President Mills Gives Annual Founders Day Address at Centre College


President Barry Mills ’72, with his Ph.D. from Syracuse and Columbia law degree, is adding another feather to his educational cap. Centre College is awarding Mills an honorary degree at the private liberal arts college’s annual Founders Day ceremony January 18 in Danville, Kentucky.

President Mills is also to deliver the talk, “Teaching, Learning and Technology,” following a similarly themed address presented at Bowdoin’s 210th Convocation and referenced in an essay Mills wrote for Inside Higher Ed.


The Citation

Barry Mills, distinguished educator, you have seen a new future for higher education. Centre College today honors your remarkable willingness to embrace technology and your perceptive appreciation of how it might transform and improve our teaching and learning in the liberal arts.

I am hereby pleased to confer upon you, by the authority of the Centre College Board of Trustees, the honorary degree of Doctor of Laws, with all the honors, rights, and privileges thereto appertaining.

I therefore present you with this diploma,and ask that you be invested with the appropriate hood.

January 18, 2012

by Centre College President John A. Roush

The Presentation

Presented for an honorary degree Doctor of Laws

President Roush: It is with respect and admiration that I present Barry Mills for an honorary degree.  Dr. Mills has been president of Bowdoin College since 2001.  During more than a decade at the helm of one of the nation’s premiere liberal arts colleges, he has led a major curriculum reform, replaced loans with grants for all students receiving financial aid, and built or renovated arts buildings, athletic facilities, and residence halls. Given Bowdoin’s strong emphasis on sustainability, it will be no surprise that many of the new facilities are environmentally responsible. Under his leadership, Bowdoin completed a $293 million capital campaign to strengthen the academic program that not only raised $43 million more than the original goal, it did so two years early. He holds weekly office hours to meet with students and writes a column for the Bowdoin website on topics ranging from the challenges facing liberal arts colleges to being a Yankees fan in Red Sox territory.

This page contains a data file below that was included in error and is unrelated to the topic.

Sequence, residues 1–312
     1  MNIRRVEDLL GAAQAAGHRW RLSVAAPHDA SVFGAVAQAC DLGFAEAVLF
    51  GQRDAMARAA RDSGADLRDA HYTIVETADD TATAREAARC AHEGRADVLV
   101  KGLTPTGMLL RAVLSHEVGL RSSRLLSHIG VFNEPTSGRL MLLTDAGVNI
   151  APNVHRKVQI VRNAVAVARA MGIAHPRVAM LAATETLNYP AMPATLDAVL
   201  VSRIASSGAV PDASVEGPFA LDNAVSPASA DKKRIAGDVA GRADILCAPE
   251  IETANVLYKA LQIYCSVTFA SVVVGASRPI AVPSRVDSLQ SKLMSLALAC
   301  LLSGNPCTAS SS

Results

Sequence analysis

His wide-ranging interests, talents, and career trajectory perhaps stem from his undergraduate experience with the liberal arts.  After graduating cum laude from Bowdoin in 1972 with a double major in biochemistry and government, he earned a Ph.D. in biology at Syracuse University in 1976. A law degree from Columbia University followed in 1979. During a successful two decade career in New York City with the international law firm Debevoise & Plimpton, he ultimately became deputy presiding partner. He was a Bowdoin trustee for six years before returning to the college as president.

Of particular interest to him is the potential for the power of technology to transform teaching and learning in the liberal arts. He is convinced that technology and “modes of learning emancipated by technology” will enhance our educational model and make it possible to offer more broadly the best of a liberal arts education.

In appreciation of his efforts to explore technology’s role in strengthening the liberal arts and because of his outstanding leadership in higher education, I am delighted to present Barry Mills for the honorary degree Doctor of Laws.

Presented by Stephanie Fabritius, Vice President for Academic Affairs and Dean of the College

January 18, 2012

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